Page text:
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The One-Way ANOVA is an extension of the independent-samples t-test and is used when comparing more than 2 independent groups. The ANOVA will tell you if there are *any* significant differences between the groups, but you will need to conduct a *post hoc* analysis to determine which groups are significantly different.

**Assumptions**

- One continuous (interval or ratio) dependent variable and one categorical (nominal or ordinal) independent variable with more than two levels.
- Independence of observations - usually evaluated based on the research design
- No significant outliers - can be assessed using boxplots, scatterplots, and other methods
- The dependent variable is approximately normally distributed
*for each level*of the independent variable. - Homogeneity of variances - can be tested using Levene's Test

**Running a One-Way ANOVA in SPSS**

- Analyze > Compare Means > One-Way ANOVA
- Move the continuous variable into the "Dependent List" box and the categorical variable into the "Factor" box
- Click on the Post Hoc button
- choose the appropriate post hoc analysis for your study
- Select Continue

- You may select additional output, such as descriptive statistics, using the Options button
- Select Continue

- Select OK to run the analysis

**Interpreting the Output**

- Descriptives (if you opted to include them)
- provides measures of central tendency and dispersion based on levels of the IV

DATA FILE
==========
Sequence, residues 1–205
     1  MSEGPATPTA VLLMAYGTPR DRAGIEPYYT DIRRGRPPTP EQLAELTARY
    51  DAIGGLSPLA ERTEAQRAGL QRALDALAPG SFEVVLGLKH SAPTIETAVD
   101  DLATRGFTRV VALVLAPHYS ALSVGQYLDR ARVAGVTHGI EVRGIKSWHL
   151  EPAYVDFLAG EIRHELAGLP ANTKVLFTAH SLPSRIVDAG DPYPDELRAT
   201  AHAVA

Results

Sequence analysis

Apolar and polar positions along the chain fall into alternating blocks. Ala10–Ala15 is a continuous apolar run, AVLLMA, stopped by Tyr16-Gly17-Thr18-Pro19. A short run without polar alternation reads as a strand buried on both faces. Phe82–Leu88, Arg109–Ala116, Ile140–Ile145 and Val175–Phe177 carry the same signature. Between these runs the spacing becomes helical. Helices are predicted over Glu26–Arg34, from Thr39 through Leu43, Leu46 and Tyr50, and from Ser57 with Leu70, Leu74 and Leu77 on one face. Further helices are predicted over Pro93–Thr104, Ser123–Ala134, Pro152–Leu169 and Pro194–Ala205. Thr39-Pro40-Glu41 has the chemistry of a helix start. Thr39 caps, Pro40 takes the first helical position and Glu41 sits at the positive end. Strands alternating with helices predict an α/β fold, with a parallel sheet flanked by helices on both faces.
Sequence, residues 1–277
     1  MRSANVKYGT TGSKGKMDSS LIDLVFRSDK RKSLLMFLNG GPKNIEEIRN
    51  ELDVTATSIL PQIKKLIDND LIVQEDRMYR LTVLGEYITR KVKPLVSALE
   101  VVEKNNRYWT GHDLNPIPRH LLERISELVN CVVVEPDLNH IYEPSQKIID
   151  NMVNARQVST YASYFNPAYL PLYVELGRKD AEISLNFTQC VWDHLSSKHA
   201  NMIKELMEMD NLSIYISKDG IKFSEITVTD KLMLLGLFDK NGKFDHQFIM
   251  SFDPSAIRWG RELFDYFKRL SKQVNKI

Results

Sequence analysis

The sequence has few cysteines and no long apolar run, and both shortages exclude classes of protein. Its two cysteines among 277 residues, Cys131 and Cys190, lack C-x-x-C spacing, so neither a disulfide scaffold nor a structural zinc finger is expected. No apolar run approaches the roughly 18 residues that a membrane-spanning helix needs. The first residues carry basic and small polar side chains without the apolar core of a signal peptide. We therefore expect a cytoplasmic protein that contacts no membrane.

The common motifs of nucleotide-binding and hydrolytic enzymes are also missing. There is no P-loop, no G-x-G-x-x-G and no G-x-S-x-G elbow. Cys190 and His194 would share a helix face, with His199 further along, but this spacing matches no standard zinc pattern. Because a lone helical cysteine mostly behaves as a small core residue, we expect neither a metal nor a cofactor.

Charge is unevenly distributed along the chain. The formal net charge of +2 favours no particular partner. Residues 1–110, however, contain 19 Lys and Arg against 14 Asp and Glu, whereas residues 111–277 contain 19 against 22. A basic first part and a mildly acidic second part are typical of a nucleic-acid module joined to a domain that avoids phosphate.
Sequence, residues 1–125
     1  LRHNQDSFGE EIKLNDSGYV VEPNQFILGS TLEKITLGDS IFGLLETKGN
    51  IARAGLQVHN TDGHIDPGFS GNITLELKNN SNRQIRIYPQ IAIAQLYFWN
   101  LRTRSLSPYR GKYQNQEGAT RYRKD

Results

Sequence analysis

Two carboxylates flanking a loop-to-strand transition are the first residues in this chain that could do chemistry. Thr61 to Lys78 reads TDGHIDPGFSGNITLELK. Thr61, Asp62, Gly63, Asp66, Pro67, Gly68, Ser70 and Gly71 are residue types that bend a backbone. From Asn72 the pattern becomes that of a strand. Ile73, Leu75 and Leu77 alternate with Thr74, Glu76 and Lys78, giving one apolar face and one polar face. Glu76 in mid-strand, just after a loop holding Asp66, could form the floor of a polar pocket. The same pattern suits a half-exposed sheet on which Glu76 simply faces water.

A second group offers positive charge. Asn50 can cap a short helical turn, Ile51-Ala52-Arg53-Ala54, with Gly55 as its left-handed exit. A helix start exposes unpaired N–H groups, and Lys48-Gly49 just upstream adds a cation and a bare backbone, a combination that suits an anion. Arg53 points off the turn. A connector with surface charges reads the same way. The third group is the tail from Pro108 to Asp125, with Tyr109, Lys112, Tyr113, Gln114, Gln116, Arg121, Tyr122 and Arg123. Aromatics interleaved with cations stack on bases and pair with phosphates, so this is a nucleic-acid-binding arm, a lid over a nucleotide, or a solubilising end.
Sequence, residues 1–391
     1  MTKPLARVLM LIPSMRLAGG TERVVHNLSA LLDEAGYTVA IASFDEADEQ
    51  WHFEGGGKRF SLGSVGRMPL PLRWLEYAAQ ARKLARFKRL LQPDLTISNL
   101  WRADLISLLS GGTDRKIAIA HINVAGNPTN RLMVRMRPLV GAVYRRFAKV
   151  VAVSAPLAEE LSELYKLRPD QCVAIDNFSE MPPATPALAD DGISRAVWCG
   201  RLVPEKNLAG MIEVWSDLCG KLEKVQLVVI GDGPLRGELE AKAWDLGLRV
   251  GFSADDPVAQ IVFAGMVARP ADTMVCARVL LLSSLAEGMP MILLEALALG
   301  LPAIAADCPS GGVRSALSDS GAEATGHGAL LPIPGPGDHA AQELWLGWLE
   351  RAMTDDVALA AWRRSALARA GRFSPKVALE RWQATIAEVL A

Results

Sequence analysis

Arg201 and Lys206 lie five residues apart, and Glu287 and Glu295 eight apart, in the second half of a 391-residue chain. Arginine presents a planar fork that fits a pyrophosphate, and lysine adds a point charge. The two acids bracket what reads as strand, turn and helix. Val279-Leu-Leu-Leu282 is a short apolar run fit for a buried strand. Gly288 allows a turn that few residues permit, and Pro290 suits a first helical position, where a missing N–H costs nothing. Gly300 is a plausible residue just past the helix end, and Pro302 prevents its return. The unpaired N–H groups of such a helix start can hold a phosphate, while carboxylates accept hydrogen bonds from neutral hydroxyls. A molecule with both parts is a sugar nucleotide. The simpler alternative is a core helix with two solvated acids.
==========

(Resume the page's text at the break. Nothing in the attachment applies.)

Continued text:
- ANOVA
- provides the results of the statistical test
- test statistic = F-ratio
- associated probability = Sig.

- used to make a decision about the null hypothesis

- provides the results of the statistical test
- Multiple Comparisons
- provides the results of the post hoc analysis
- allows you to determine exactly which groups are significantly different than each other
- compare the Sig. to your level of significance (i.e. .05)

**Reporting Results in APA Style**

There was a statistically significant difference between groups as determined by the one-way ANOVA (*F*(2,62) = 5.467, *p* = .012). A Tukey post hoc test revealed that the time to respond was significantly lower for those that received the reaction time training (M = 1.3, SD = .5) and those that were experts in the field (M = 1.7, SD = .8) compared to those that had no training (M = 2.8, SD = .7). There was no statistically significant difference between the training group and the expert group (*p* = .214).

- Last Updated: Sep 30, 2023 3:29 PM
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